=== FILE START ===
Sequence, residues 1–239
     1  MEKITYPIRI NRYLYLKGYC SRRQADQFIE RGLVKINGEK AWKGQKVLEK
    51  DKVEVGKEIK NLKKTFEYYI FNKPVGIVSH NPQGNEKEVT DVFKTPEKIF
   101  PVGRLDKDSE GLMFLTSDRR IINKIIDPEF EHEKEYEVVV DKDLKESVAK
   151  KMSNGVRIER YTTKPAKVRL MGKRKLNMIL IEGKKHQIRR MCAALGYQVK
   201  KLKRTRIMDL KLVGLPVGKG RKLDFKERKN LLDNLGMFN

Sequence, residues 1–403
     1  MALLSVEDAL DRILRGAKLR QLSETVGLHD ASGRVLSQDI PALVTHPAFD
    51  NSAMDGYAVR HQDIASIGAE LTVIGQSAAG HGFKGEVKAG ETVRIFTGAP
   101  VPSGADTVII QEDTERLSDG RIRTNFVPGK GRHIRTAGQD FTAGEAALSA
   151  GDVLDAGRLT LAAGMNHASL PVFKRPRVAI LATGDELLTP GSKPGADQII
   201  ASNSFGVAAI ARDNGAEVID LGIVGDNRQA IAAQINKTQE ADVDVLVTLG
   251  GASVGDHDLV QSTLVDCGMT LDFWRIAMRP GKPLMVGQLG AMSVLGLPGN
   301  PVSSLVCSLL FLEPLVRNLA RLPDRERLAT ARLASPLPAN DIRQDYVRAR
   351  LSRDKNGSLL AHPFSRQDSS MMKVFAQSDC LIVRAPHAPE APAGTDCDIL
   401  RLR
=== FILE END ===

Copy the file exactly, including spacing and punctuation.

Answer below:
Sequence, residues 1–239
     1  MEKITYPIRI NRYLYLKGYC SRRQADQFIE RGLVKINGEK AWKGQKVLEK
    51  DKVEVGKEIK NLKKTFEYYI FNKPVGIVSH NPQGNEKEVT DVFKTPEKIF
   101  PVGRLDKDSE GLMFLTSDRR IINKIIDPEF EHEKEYEVVV DKDLKESVAK
   151  KMSNGVRIER YTTKPAKVRL MGKRKLNMIL IEGKKHQIRR MCAALGYQVK
   201  KLKRTRIMDL KLVGLPVGKG RKLDFKERKN LLDNLGMFN

Sequence, residues 1–403
     1  MALLSVEDAL DRILRGAKLR QLSETVGLHD ASGRVLSQDI PALVTHPAFD
    51  NSAMDGYAVR HQDIASIGAE LTVIGQSAAG HGFKGEVKAG ETVRIFTGAP
   101  VPSGADTVII QEDTERLSDG RIRTNFVPGK GRHIRTAGQD FTAGEAALSA
   151  GDVLDAGRLT LAAGMNHASL PVFKRPRVAI LATGDELLTP GSKPGADQII
   201  ASNSFGVAAI ARDNGAEVID LGIVGDNRQA IAAQINKTQE ADVDVLVTLG
   251  GASVGDHDLV QSTLVDCGMT LDFWRIAMRP GKPLMVGQLG AMSVLGLPGN
   301  PVSSLVCSLL FLEPLVRNLA RLPDRERLAT ARLASPLPAN DIRQDYVRAR
   351  LSRDKNGSLL AHPFSRQDSS MMKVFAQSDC LIVRAPHAPE APAGTDCDIL
   401  RLR